We cannot deny how social media has become a part of our daily lives, how it has influenced us and how it has connected us to the rest of the world. Facebook, Twitter, YouTube, LinkedIn, Google Plus are among the social media platforms that almost everyone accesses today. Aside from providing a means to peek into other people’s lives, communicate without borders, and serve as entertainment, we cannot take away the value social media provides in e-Learning.
Educators, companies, and organizations rely on social media to assist in providing learning, share best practices, promote educational materials together or within the training modules and individual programs. Acquiring knowledge has now become learner-centric which should have always been the case.
Social media platforms provide informal learning. For someone who’d like to learn how to bake a cake, for example, you can search YouTube and choose from varied lessons on how to make a delicious cake. If you’re interested to know about something you came across, look it up in Google Plus. Anything that piques your interest is available online. You can do research and learn from millions of articles available.
Social media is widely used as supplemental material for training purposes. Combining the use of social media in training as visual aids, for exercises, and to keep discussions and classes more interactive has been successful and is widely accepted. The scope and reach of E-learning through social media is vast and is now easily accessible to most. An instructor can record the tutorials and broadcast it or come up with teasers for offered courses to generate interest with possible students. Advertisements through posts, tweets, and invites can use to gain more audiences. Creating a Facebook group with the learners also helps to keep everyone in the class informed of when and how the next training class will be held.
You could start a blog about e-learning and the latest trends can also be shared on the blog, which becomes supplemental learning tools for learners. A blog can also be used by teachers to make learning more interactive. Students can create blogs where they post assignments instead of submitting it in hard copies. They can put in book reviews, history research, and any topic assigned to be submitted. Since this can be viewed by anyone in the class, it also helps further discussions and promotes a healthy competitive spirit among students. You can update the blogs and include new links such as eLearning articles, videos and online presentations that can be useful for the students.
Using social media in E-Learning also saves time and is very efficient. At this day an age, faster delivery is usually the direction and the need. E-learning using social media reduces learning time by from 25 to 60 percent versus traditional learning. It doesn’t take long to start and wrap up sessions or classes. Learners can set their own pace instead of trying to keep up with the group. Since classes are held online, it saves you the time to get to commute or drive to classes, trainings, and seminars. Learners have the option to just focus on specific topics or modules of a course or program that they need to learn and skip those that they already know. Also, with E-Learning using social media, there is no limit to the number of classrooms or attendees compared to regular classes where seats and actual capacity should be taken into consideration.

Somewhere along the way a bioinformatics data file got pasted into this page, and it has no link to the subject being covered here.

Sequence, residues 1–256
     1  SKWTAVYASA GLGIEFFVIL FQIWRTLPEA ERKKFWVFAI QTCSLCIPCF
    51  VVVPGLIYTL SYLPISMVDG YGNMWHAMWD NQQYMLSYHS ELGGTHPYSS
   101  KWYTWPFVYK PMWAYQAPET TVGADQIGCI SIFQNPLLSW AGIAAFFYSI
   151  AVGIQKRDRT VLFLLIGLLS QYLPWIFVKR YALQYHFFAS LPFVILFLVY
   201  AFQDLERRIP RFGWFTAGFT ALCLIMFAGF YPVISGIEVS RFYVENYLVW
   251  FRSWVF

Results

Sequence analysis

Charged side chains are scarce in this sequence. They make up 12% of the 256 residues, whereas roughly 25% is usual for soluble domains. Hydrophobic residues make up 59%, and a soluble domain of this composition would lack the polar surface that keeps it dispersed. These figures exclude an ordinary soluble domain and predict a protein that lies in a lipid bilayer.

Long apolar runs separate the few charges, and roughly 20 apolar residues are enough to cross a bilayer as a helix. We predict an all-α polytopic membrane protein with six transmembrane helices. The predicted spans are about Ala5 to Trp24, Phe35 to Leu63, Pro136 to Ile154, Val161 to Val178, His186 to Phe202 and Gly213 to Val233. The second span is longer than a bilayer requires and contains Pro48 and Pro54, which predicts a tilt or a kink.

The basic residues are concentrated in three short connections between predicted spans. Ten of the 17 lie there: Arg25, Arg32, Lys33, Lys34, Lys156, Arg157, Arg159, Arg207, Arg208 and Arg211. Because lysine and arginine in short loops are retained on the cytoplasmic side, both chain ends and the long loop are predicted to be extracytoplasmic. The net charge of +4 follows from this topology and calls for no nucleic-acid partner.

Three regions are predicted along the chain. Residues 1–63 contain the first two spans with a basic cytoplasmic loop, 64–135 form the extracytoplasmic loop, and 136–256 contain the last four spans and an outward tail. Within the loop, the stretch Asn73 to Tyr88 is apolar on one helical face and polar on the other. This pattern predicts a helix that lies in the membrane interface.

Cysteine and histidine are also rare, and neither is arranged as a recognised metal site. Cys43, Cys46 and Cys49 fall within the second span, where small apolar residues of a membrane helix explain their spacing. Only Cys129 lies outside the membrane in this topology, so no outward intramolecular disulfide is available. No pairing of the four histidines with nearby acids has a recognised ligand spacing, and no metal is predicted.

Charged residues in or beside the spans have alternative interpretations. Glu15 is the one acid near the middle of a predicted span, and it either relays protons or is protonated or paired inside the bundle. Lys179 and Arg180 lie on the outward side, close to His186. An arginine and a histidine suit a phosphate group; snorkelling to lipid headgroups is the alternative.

YouTube has become a popular tool used in E-Learning. E-Learning professionals use YouTube to make E-Learning courses. You can create webinars that learners can use even after it has ended. This serves as reference tools for those who want to take a refresher on the topic discussed in preparation for an exam. The videos can also draw in new audiences since they would get a chance to have a look at what your class or topics are. YouTube is useful in delivering videos which are better received by learners, especially for complex subjects or processes. By putting up an actual demonstration, it would be easier for the learners to grasp the concept as it is fully shown step by walking them through. This helps learners to retain what they’ve learned and given a visual context of you E-Learning content.
Twitter is an effective tool to get feedback from. Consolidate Twitter feeds and share this with the learners. This gives them a chance to share their thoughts and views on the topics discussed with the group. As a teacher or instructor, collating tweets and sorting through them would give you an insight of how your class was received. You can almost instantly find out any positive feedback or negative ones that you can improve on for the next course and presentation.
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